God bless you, Sir Patrick Stewart. Break the internet.

But progress is incremental. So if telling my stories makes one woman feel less alone or makes one man feel more compassionate then maybe it’s worth feeling repulsed by my own vulnerability. And maybe by the time my niece is dating, she will live in a world with less violence and more justice.

She is always smiling. She will grow up to go on dates too. And I know that this world, gray matter that it is, will dim that ready smile of hers. I know that the reflexiveness she smiles with every time she sees another human or an animal, stuffed or real, will get challenged by this world. For now, her default setting is happy. And it is a joy to behold.

I want her to date without having to strategize around potential violence. Everyone deserves to date without fear.

But if we can’t convince society there’s a problem, even after trotting out our own humiliating details, how are we supposed to find solutions for the next generation?

I suspect the men who are the most certain that women are exaggerating and even lying are the ones who are most afraid to self-reflect and reconsider their assumptions because new knowledge just might compel them to change their world view and, more importantly, their own behavior.

I’m not saying the defensive men who ball strangers out on the internet have also abused women or that they even think harassment is ok. But it’s not a good look. Especially in the absence of equally vehement condemnation of harassment and abuse. If you only use your vehemence to defend men you don’t even know you’re suspect.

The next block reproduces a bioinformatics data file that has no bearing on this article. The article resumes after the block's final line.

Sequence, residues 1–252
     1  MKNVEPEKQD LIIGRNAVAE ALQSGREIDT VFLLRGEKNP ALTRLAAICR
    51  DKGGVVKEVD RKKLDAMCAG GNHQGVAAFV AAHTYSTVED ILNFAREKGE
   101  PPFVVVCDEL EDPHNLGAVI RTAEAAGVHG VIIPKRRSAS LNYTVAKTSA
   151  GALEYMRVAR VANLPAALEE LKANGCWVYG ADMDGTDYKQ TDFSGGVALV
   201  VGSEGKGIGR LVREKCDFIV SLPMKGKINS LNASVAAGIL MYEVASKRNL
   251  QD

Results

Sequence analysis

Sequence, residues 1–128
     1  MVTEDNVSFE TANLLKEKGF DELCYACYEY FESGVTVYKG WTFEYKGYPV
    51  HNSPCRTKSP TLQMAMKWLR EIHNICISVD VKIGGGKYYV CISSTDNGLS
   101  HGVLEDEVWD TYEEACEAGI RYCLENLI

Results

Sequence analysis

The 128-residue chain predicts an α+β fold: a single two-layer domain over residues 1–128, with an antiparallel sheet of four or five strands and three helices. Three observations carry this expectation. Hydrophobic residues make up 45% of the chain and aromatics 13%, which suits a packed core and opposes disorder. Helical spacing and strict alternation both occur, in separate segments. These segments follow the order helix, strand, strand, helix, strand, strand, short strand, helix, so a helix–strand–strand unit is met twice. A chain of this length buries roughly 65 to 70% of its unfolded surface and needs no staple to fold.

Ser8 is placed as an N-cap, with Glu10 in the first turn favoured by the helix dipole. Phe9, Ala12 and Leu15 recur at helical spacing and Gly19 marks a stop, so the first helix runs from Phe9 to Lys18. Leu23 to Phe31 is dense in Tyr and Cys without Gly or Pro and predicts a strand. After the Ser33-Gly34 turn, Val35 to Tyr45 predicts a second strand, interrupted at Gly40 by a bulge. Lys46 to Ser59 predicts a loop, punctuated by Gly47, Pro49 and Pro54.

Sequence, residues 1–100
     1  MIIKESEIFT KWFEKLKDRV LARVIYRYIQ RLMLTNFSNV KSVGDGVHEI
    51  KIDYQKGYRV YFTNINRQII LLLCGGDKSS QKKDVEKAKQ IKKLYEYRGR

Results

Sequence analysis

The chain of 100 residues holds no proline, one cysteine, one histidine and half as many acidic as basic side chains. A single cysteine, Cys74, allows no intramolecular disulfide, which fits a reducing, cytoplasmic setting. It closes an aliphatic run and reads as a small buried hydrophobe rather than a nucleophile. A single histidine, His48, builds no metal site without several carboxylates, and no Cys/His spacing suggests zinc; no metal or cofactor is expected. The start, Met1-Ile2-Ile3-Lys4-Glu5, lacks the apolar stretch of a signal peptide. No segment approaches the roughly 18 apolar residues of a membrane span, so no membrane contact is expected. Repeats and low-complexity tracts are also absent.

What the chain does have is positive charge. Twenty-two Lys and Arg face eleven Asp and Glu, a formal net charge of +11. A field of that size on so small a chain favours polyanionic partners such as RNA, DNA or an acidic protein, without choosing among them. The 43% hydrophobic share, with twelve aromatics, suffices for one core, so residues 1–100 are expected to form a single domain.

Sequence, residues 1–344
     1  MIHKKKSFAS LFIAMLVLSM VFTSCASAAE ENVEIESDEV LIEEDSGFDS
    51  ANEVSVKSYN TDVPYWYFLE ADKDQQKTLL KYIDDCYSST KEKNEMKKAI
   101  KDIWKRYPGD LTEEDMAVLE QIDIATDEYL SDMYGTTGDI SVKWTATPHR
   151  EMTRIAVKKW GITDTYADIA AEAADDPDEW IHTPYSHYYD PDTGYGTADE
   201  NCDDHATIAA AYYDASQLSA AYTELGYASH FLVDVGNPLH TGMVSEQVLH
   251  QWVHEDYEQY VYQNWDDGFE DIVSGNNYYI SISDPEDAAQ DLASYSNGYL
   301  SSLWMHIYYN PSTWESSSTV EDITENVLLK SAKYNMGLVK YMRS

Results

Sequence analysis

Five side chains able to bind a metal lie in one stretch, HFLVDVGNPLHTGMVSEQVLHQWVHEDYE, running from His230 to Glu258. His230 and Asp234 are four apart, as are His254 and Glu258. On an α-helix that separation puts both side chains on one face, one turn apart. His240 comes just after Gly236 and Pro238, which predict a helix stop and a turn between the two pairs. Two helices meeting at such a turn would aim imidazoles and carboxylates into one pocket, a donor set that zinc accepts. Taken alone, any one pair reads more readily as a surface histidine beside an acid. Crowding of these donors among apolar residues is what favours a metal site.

“Call me old-fashioned, but I want a man who will protect me like I’m the reputation of a guy he’s never met.” — Kate Willett

By the time my niece is a teenager and excited to go on her first date, I don’t want her to have to deal with the arrogant assumptions of boys who feel entitled to her time, her attention or her body. If my niece grows up to date men I hope they won’t assume that their perspective is universal and their opinions are scientific facts while simultaneously assuming that women’s lived experiences are exaggerated, entirely fabricated, or manufactured specifically to ruin innocent men’s lives with false accusations.

I don’t want to air my dirty laundry on the internet to prove that what happens to women and girls is not for angry men online to arbitrate. But I am. We shouldn’t have to convince anyone that we’re telling the fucking truth. But I’m trying. We don’t owe anyone the gory details of what men have done to our bodies. But that’s not the world I live in. So I’ll add my stories to the choir of voices trying to course-correct our society so my niece will live in a better one.

I’m skeptical because the men least receptive to hearing these stories with an open heart are the ones who most need to hear them. But each new generation renews my hope. The future looks bright.

Heather M. Edwards

Written by

Refugee Resettlement Coalition of Lane County